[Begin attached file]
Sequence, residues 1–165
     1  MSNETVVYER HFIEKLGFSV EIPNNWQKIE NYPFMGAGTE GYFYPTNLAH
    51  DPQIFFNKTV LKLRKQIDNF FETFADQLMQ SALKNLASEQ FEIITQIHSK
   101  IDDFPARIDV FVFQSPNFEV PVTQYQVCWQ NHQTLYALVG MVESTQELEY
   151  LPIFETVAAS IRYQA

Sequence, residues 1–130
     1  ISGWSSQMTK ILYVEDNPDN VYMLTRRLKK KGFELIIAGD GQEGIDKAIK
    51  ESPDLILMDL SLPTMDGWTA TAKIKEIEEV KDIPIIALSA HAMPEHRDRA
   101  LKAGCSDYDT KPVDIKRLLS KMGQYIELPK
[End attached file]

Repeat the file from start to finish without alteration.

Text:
Sequence, residues 1–165
     1  MSNETVVYER HFIEKLGFSV EIPNNWQKIE NYPFMGAGTE GYFYPTNLAH
    51  DPQIFFNKTV LKLRKQIDNF FETFADQLMQ SALKNLASEQ FEIITQIHSK
   101  IDDFPARIDV FVFQSPNFEV PVTQYQVCWQ NHQTLYALVG MVESTQELEY
   151  LPIFETVAAS IRYQA

Sequence, residues 1–130
     1  ISGWSSQMTK ILYVEDNPDN VYMLTRRLKK KGFELIIAGD GQEGIDKAIK
    51  ESPDLILMDL SLPTMDGWTA TAKIKEIEEV KDIPIIALSA HAMPEHRDRA
   101  LKAGCSDYDT KPVDIKRLLS KMGQYIELPK